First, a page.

It's time for the boys to start the next round of testing. I haven't mentioned this before in the blog (at least I don't remember mentioning it), but the little boys receive speech services from the school district, and have since they were 2.5 years old. Initially Sam was receiving fine motor therapy and Ian was getting speech therapy, but in actuality both were receiving speech services. Sam's fine motor caught up, and his speech was doing fine for his age, so he graduated when he turned three. Ian graduated from the Early Intervention program into the school district's program, which in Leander was a classroom based program. Ian thought it was super cool as he rode a bus to school for a few hours a few days a week, and was in a real class. Problem was, he moved into that class when he turned three (Feb. 25) and we moved mid-March. So, he went to "school" for a whopping two weeks. He did enjoy it and still talks about it to this day.
When we moved to Virginia he started receiving service here at home once a week. We loved the teacher and Ian made lots of progress. Along the way she mentioned that Sam needed re-evaluation as his speech was falling behind. The teacher in Texas told us that we needed to keep an eye on him and the his speech indeed started falling behind. He was evaluated and started receiving services this past Fall, and also started making good progress.
Along the way Sam developed some behavioral issues that we weren't sure how to deal with. He was overly aggressive, super emotional at inappropriate times, seemed to get himself all worked up for no reason, and was unable to calm himself down. He also was unable to sit still through a meal, or even through a short activity, and started hitting and pinching his brothers. He would spin in circles when he was overwhelmed and exhibited a few other off behaviors. Sam's teacher mentioned that he might have Sensory Integration Disorder, which is on the Autism spectrum. We tried a few things here at home and made huge improvements, and she decided that he needed to be evaluated so he could receive more services. While she was able to provide us with a bunch of info, and these few things we've done have improved his daily life greatly, he still has a way to go before he can control his body so his mind has a chance to do it's work (on the speech stuff for now - the rest of education later). Sam is a sensory seeker and is constantly craving input from his environment. His behaviors all point directly towards that and it's clear when we provide him with a little bit of extra sensory input, he functions much easier. Sam's speech has also fallen behind a bit more and he seems to be stuttering more lately, so we're concerned that his body is not only disrupting his ability to speak properly, but also is disrupting his ability to learn how to speak properly. So, Sam will be evaluated by an occupational therapist, a speech therapist, and a psychologist. They will also interview us about Sam's behavior to get a clearer picture of what's going on.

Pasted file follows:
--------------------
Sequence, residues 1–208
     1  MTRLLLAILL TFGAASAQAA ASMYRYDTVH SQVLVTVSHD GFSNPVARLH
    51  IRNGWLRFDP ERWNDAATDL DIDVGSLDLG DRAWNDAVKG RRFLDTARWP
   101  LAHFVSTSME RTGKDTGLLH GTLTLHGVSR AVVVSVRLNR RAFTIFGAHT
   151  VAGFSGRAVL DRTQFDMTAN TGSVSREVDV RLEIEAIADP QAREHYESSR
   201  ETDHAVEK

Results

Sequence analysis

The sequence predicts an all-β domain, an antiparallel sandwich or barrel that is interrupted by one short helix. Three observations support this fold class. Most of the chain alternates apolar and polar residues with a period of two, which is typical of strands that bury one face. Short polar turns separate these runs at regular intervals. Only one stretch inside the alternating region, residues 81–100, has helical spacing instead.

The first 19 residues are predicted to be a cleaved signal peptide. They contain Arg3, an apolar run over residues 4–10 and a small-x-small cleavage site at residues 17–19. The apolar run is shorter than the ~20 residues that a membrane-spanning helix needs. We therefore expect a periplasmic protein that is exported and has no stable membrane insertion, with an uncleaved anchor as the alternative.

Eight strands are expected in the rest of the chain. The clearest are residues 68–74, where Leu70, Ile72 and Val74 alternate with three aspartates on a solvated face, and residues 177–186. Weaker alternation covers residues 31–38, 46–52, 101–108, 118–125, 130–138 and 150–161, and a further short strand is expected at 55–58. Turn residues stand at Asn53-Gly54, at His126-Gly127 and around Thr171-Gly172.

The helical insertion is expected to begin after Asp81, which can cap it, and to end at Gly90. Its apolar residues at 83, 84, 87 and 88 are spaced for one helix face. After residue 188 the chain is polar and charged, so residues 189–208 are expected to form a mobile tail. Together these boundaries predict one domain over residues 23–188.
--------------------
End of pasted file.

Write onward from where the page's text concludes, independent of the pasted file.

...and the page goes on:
Ian was also showing signs of some delays relating to trunk strength. He has general weakness in his trunk and has some problems with activities like throwing and coloring. They are going to have an Occupational Therapist do an evaluation to see if there's any actual delay there, and if there is they will provide services. They will also review Ian's speech testing to see how he's doing. He's made so much progress, but he is still pretty unintelligible if you are a stranger or if you don't know the context of whatever he is talking about. His testing comes in about two weeks, but Sam's starts tomorrow.
Tomorrow is the OT evaluation, so it should be fun for Sam. He doesn't have much trouble with OT related things (at least in my opinion), but hopefully if they do find something it will tie in with the other behaviors and will help them help us make sense of this all. Like I said some of the little things we've done to help Sam learn how to deal with his senses have made a huge impact, and if the school district provides more services for him Sam will be in a much better place once school starts in a year and a half.
So, while I'm a bit apprehensive about this testing, it's more along the lines of "how can I get Sam to misbehave so that they get a good picture of what his trouble is" instead of the "Oh my gosh there's something wrong with my kid" variety. We really want Sam to be successful at whatever he chooses to do in life, and while his sensory stuff is mild, it's still there. Any help we can get for him early on will be much better for him in the long run.